Why Are We So Afraid of Mercy and Our Own Heretical Little Hearts?

Why Are We So Afraid of Mercy and Our Own Heretical Little Hearts? February 21, 2017
Old Woodcut of the Unmerciful Servant.
Old Woodcut of the Unmerciful Servant. (Public Domain)

As I sort through the events of the past few months, I’ve tried to figure out what bothers me the most about the Trump presidency and what it’s revealed about Catholics and Christians in America. Every time I think I’ve pinpointed the problem, it vanishes into the air. Sure, I’m bothered by the misogyny, the myopic views of pro-birthers, and the barely disguised hatred of Muslims. But, every time I pick up my computer to write about these things, something stops me, prompting me to go deeper.

An article about The Church Militant in USA Today helped snap everything into place. What bothers me most about The Church Militant, The Remnant, Franklin Graham (who has betrayed his father’s legacy) and their supporters is a problem that I’ve noticed in my own heart. We don’t just find it difficult to show mercy, we actually hate and fear the very idea. And in doing so, we teach a false gospel of Christ and therefore allow our own heretical little hearts to keep beating poison into everyone else’s bloodstream.

Why? Why do we hate mercy so much?

Of course, I can’t speak for the Church Militant crowd, but I can certainly examine my own heart. The reason I hate mercy is because it implies a lot of things that I don’t want to think about. Mercy makes me realize that we aren’t in control of the situation.

All of the criticisms of Pope Francis and his merciful attitude seem to miss this key point: mercy implies there is something wrong in the first place. Never once have I heard him say sin doesn’t matter, that separation from God is just a construct, or that we should do away with the teachings of the church. Not one time. The burden of proof is on the one who says otherwise. And despite numerous attempts, even by certain Cardinals, it’s never been done.

Instead, Pope Francis assumes that we’re all screwed and we all need God’s mercy and grace. If left to ourselves, we will drive the car into the Grand Canyon, not just by accident but on purpose. The stupidity of the bumper sticker that says, “God is my co-pilot” demonstrates the point. It means we are still fighting for the wheel.

And this takes an even more hideous hue when we go further into the dark caverns of our heart. In reality, if we got control of the wheel, we wouldn’t show mercy. Rather, we want to decide who gets God’s forgiveness and who doesn’t. In other words, we’d rather be the Roman soldiers nailing Jesus to the cross than being Simon of Cyrene helping him to carry it.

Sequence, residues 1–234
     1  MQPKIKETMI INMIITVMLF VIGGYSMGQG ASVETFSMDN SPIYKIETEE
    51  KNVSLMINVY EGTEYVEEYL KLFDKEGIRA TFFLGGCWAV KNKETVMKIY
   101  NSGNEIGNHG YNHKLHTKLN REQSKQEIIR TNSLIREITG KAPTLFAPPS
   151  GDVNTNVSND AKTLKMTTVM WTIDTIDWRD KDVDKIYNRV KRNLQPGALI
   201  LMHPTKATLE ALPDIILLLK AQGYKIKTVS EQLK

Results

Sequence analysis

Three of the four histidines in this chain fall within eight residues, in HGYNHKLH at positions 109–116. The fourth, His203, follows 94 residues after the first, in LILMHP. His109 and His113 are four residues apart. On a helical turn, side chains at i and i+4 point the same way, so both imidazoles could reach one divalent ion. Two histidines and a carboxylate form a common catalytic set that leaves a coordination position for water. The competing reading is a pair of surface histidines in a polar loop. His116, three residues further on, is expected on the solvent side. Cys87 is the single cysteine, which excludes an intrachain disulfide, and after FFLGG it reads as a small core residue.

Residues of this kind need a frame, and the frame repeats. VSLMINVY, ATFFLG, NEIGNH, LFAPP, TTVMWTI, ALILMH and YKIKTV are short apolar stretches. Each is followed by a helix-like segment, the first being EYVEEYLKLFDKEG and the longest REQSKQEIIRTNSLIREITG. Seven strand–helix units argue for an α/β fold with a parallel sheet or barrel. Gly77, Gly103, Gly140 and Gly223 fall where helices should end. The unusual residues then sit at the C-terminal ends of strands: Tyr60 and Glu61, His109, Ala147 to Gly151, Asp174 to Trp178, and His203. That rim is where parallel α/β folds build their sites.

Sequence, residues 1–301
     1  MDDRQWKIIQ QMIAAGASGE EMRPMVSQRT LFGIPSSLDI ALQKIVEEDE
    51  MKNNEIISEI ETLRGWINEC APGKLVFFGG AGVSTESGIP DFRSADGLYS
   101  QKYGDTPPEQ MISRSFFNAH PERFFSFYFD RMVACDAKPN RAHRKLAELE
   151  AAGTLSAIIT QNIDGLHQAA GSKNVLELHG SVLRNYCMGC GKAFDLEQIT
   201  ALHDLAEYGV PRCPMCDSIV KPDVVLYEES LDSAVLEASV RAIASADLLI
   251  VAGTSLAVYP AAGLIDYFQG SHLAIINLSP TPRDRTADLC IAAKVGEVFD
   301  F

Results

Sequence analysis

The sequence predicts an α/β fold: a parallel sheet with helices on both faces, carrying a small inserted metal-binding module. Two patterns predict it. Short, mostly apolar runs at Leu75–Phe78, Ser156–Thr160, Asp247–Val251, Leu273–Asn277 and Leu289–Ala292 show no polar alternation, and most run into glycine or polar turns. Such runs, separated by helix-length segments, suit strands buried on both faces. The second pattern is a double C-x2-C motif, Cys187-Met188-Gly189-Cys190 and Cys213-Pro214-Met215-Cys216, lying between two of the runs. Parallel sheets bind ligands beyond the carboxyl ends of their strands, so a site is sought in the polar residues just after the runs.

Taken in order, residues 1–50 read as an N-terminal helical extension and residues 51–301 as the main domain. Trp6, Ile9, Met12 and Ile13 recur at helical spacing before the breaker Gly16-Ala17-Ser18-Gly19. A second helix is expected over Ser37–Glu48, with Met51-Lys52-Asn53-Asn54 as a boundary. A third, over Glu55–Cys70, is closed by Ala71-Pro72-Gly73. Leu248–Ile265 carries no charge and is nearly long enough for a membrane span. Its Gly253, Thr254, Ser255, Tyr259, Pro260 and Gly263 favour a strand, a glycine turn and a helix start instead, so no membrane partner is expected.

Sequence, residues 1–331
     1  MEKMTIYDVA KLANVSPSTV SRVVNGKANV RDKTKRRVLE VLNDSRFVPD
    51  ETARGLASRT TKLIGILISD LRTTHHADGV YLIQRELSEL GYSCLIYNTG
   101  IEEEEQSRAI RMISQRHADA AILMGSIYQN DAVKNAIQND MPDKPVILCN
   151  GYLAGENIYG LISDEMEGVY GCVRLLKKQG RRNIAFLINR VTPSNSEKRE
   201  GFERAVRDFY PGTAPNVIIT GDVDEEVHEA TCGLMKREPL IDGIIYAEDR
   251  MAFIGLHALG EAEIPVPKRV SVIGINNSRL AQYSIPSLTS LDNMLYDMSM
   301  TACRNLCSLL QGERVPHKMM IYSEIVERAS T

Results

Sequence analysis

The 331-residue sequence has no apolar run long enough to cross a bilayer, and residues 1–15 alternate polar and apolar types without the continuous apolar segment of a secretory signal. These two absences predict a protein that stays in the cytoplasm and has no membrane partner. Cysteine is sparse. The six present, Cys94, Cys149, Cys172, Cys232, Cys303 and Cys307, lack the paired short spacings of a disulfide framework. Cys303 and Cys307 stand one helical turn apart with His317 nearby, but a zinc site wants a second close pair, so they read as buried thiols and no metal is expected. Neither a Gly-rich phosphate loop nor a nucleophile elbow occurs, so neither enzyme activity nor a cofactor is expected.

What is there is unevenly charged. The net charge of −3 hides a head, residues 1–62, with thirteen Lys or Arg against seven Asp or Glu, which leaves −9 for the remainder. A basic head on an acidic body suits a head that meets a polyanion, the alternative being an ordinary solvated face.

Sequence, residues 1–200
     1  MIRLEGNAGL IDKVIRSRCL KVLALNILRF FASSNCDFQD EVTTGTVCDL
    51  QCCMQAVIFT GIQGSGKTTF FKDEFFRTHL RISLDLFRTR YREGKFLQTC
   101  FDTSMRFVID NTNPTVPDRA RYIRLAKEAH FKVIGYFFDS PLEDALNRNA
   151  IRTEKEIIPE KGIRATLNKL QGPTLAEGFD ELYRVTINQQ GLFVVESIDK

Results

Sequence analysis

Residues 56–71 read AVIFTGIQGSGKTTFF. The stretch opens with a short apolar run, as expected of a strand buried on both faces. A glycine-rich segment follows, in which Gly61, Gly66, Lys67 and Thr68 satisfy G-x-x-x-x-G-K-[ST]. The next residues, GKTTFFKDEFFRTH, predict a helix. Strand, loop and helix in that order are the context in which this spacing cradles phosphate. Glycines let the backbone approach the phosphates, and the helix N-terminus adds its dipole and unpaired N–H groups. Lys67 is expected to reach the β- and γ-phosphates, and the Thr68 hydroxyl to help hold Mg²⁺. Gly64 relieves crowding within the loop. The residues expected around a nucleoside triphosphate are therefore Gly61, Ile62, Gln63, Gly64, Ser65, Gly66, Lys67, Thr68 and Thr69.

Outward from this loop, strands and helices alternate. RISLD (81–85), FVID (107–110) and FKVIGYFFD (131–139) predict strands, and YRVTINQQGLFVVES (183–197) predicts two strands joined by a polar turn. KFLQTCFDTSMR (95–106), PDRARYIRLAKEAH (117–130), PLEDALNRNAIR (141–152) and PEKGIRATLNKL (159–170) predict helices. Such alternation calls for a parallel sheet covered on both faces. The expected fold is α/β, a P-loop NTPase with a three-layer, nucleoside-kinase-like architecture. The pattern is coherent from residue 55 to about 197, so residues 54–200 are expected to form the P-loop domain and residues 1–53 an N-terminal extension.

We may not say this aloud, but most of us feel that people are getting off “too easy.” They need to go to the cross first, we think. No doubt that is true for all of us. But we like to build other people’s crosses for them. We like to carefully carpenter the wood, fashion the nails, and watch them carry it through the streets. We don’t realize how dangerous and spiritually destructive this attitude can be.  We shove ourselves in God’s place and forget the mercy we’ve been shown.

But Jesus tells us to take up OUR cross and follow him. Meaning, the one we’ve been given by God. If we do that, we’ll have no room for judgement and lack of mercy. We will be focused on the cross given to us. Maybe then we’d find that our cross is also Christ’s, and through our union with him, we are bearing the burdens of other people. As we bear their burdens, we will learn to love them more

The great early 20th century priest, Robert Hugh Benson (or The RHB, as I like to call him) wrote in Paradoxes of Catholicism that heretics always want things simple without too much complication. The Church Militant folks want things simple when they say, “we’re just telling people to believe Church teaching.” The problem is, they are only showing a part of church teaching, the oversimplified part. In doing so, they commit heresy because of their lack of mercy and nuance.

Everything we believe as Christians and Catholics centers around the idea that God is love and God is merciful. Otherwise, there is no point. If you want an angry god, there are plenty of places to look. If you want a god who serves your own personal needs and fears, than look no further than the American pop culture god. But the mystery of God’s mercy is the beating Sacred Heart of Christ.

When we show mercy, love and compassion to our follow sin addicts, we’re closer to God. When we don’t and try to bring the hammer of judgment, we’re snatching something from God’s very throne room and saying we are better at it.

This is a burden too great to bear. Jesus warned us very plainly that if we don’t show mercy and grace, it will not be shown to us. If we teach that heresy, we will lead people right into the mouth of God’s judgment.

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